Women “hard hit” by cost of living crisis after growing poverty

The women were left “severely exposed” cost of living crisis, as they have been disproportionately affected by rising poverty over the past decade, new figures show.

Data summarized exclusively from The Independentshowed that from 2010-11 to 2019-2020 the proportion of people living in relative poverty increased by almost 1.5 million.

An analysis of Labor and Pensions statistics conducted by Labor’s shadow secretary and Equality Secretary Anneliese Dodds found that women make up almost 890,000 of that number.

This is about 60 per cent of the total, despite the fact that women make up 51 per cent of the UK population.

Researchers said there are currently more than 7.5 million women living in relative poverty in the UK – almost a quarter of all women living in the country.

Approximately 6.8 million men are in the same situation, which means that 14.4 million people live in relative poverty, which is 22 percent of the UK population. Relative poverty is defined as household income that is 50 percent below average.

Ms Dodds said: “The Conservatives have been driving women into poverty for ten years, leaving them severely affected by the cost of living crisis that is engulfing Britain today.

“The government’s own statistics show that women feel less likely to cope with the sudden rise in bills than men, so we desperately need action from ministers to help them cope. Instead, the prime minister and the chancellor are too busy saving their own skin. ”

Ms. Dodds warned that the Conservative Party was failing women when it said “Labor is on their side.”

She added: “That’s why we are calling for an emergency budget to help the millions of women who are bearing the brunt of this crisis, with an unexpected tax from oil and gas companies to cut energy bills to £ 600 for the households most in need – many of run by women.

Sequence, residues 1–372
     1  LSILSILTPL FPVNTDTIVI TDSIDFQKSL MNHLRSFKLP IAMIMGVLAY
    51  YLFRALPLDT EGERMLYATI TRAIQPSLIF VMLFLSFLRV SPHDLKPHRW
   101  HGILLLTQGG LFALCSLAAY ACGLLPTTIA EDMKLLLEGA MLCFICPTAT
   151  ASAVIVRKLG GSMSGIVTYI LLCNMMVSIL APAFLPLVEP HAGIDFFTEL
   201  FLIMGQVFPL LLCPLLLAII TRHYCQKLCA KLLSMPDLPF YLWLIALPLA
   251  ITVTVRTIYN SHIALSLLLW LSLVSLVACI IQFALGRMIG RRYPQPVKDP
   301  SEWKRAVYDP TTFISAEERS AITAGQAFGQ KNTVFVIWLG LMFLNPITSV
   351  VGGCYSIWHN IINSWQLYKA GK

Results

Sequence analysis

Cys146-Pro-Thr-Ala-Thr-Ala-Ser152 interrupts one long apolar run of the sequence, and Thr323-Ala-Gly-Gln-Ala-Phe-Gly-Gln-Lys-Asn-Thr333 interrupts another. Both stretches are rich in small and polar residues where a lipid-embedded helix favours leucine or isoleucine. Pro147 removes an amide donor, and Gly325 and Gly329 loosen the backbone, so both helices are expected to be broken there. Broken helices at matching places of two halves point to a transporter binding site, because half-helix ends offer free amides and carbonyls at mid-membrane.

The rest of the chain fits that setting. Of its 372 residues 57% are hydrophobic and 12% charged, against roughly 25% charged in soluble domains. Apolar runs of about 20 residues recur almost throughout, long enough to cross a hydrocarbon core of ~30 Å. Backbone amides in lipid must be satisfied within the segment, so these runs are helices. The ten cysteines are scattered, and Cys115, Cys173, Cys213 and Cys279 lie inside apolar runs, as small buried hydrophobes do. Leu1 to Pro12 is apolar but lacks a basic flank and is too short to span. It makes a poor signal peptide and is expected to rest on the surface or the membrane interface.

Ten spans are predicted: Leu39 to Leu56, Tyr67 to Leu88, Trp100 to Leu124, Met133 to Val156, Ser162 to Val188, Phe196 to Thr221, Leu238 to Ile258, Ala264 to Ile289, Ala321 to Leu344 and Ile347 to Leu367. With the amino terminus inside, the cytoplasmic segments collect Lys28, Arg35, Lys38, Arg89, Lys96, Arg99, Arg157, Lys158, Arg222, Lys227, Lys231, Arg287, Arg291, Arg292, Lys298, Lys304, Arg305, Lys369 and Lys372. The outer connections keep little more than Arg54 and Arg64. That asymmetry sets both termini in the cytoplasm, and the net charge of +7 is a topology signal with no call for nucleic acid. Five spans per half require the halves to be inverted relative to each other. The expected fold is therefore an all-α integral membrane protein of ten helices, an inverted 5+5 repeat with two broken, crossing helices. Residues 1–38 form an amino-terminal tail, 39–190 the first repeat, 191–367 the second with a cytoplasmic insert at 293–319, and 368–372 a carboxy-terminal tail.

“And the new Labor deal for working people will support millions of women in the workplace with stronger, family-friendly rights, equal pay compared to employers and action to combat harassment in the workplace.”

In the office, Ms. Dodds warned that women are now facing the burden of a Conservative government that is not tackling the cost of living crisis – with data from the Office for National Statistics (ONS) showing that women often feel less able to cope with sudden bill growth. than men.

An ONS survey on the cost of living found that about three in 10 women said their family would not be able to afford the unexpected payment of £ 850, while about a quarter of men said so. Labor claims that this means that 1.6 million more women than men feel unable to cope with this extra pay.

The Labor Party predicts that rising prices for taxes, mortgages, energy, food and petrol will mean that the family’s finances will suffer an average of up to £ 2,620 a year – with Keir Starmer, Labor’s leader, demanding extra money. cost of living. crisis.

This comes after last year’s research found women living in the north of England disproportionately affected by the recession unleashed pandemic.

IPPR North researchers found that nearly half of the northern women who now work are in the sectors most affected by the coronavirus emergency, such as retail and the hotel business. For a sharp comparison: men make up only a quarter of the workforce in these areas.

Women “hard hit” by cost of living crisis after growing poverty

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